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The Singh Twins' new artwork commission for the Royal Collection Trust
Singh Twins Royal Collection Trust Commission Installation view.


LONDON.- British artists, The Singh Twins, have been commissioned by Royal Collection Trust to create a contemporary response to Splendours of the Subcontinent, which includes Four Centuries of South Asian Paintings and Manuscripts and A Prince's Tour of India 1875–6, which opened to the public at The Queen’s Gallery, Buckingham Palace, London on 8th June.

Presented as a tryptic, the Twins’ artwork, titled Rule Britannia:Legacies of Exchange, is inspired by and incorporates selected treasures from the exhibitions including South Asian paintings and manuscripts from the Royal Library, and arms and armour, decorative objects, and jewellery gifted to Albert Edward, Prince of Wales, by local rulers during his tour of the subcontinent in 1875-6. In keeping with the Twins’ highly symbolic, decorative, narrative and thought provoking style, the piece, which is displayed in the Queen’s Gallery Millar Learning Room, provides contexts for interpreting these objects as well as offering insights into their modern day relevance.

As an initial starting point for the commission, The Singh Twins focused on one of the star objects in A Prince's Tour of India 1875–6,: an enamelled, gold and jewell encrusted inkstand in the form of a peacock-shaped boat, which features prominently within the artwork. The Twins offer diverse interpretations of this object that reflect on the symbolism of the boat and the importance of maritime transportation to the history of British Indian relations: exploring interconnected themes around maritime trade and exploration, cultural exchange, Empire, British colonialism and it's legacies. They also consider how this beautiful object made of precious materials represents India’s rich heritage of skilled craftsmanship and the legendary opulence and wealth of its rulers. The peacock itself (as the national bird of India) is used to symbolise Indian heritage and identity.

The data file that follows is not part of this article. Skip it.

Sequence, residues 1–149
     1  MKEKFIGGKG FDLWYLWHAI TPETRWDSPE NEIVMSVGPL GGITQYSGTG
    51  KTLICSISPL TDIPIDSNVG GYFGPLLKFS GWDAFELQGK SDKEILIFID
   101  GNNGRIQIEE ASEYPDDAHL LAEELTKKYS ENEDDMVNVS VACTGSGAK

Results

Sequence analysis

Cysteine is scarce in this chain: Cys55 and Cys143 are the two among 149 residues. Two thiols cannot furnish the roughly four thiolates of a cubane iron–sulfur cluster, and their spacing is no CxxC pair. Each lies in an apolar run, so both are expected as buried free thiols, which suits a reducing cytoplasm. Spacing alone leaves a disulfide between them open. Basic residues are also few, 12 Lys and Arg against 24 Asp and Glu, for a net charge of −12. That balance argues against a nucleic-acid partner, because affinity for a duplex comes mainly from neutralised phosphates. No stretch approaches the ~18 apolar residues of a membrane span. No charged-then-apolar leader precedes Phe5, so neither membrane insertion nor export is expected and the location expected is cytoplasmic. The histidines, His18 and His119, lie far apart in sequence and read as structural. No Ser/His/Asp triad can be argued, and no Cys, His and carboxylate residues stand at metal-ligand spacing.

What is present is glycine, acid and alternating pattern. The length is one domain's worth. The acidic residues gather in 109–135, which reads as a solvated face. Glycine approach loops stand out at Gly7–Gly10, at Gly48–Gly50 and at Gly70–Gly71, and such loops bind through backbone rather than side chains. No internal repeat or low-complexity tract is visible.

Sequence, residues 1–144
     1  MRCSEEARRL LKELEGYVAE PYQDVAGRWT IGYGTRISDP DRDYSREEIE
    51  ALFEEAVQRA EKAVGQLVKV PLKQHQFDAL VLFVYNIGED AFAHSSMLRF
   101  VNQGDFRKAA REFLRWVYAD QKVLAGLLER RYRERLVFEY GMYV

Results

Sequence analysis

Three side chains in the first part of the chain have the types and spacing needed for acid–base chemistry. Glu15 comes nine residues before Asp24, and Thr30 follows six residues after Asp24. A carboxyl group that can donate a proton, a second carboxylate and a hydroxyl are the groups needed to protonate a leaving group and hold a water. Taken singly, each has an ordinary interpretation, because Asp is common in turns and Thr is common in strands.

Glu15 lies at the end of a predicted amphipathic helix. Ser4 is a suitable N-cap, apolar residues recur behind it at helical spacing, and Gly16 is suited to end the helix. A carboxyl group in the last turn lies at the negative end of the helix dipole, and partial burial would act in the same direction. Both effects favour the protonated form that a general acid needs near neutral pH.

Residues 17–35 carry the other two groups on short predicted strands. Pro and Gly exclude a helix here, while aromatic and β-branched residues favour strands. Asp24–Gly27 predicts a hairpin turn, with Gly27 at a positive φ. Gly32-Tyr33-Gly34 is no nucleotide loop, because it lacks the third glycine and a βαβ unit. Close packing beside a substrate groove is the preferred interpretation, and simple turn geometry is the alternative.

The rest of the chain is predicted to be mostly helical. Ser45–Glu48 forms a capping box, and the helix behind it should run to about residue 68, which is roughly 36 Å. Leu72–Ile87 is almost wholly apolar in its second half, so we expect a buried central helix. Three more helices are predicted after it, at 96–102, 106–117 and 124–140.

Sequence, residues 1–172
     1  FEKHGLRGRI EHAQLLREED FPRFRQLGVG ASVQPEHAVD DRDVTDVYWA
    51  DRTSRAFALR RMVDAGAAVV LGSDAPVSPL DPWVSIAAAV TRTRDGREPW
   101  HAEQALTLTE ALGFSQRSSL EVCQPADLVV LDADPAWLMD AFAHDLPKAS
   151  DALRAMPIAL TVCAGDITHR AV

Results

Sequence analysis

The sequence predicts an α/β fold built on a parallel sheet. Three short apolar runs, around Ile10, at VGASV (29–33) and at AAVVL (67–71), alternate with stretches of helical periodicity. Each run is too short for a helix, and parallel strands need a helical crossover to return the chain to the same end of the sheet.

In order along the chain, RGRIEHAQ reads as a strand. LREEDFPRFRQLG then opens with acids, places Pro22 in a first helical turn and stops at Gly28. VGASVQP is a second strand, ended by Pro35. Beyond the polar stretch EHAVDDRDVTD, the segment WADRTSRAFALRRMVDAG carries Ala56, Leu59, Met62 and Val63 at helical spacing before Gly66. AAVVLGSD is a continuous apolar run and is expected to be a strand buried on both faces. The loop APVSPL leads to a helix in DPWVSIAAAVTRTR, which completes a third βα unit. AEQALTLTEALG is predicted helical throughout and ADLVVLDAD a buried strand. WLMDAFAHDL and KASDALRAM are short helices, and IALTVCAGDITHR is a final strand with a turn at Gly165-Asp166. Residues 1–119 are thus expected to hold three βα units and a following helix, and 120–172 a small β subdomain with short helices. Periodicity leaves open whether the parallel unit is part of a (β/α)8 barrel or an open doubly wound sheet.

Other imagery that respond to the Prince of Wales gifts as a whole, represents how public exhibitions of these gifts at the time helped cultivate wider appreciation of Indian aesthetics, which fed into the European ‘exotic’ orientalist view of India and the development of British markets for both Indian and Indian design-inspired goods. Whilst further imagery represents the purpose of the Prince’s India tour, the places he visited and the significance of the gifts he received.

As a triptych, the artwork presents a time line of British trade, rule and cultural relations with India from 1600 to 1947 and represents the important role played by British Royalty (from Tudors, to Stuarts, to Hanovers and Windsors) as promoters of Indo-British trade, trend setters in Indian taste and fashion, and patrons of Indian craftsmanship.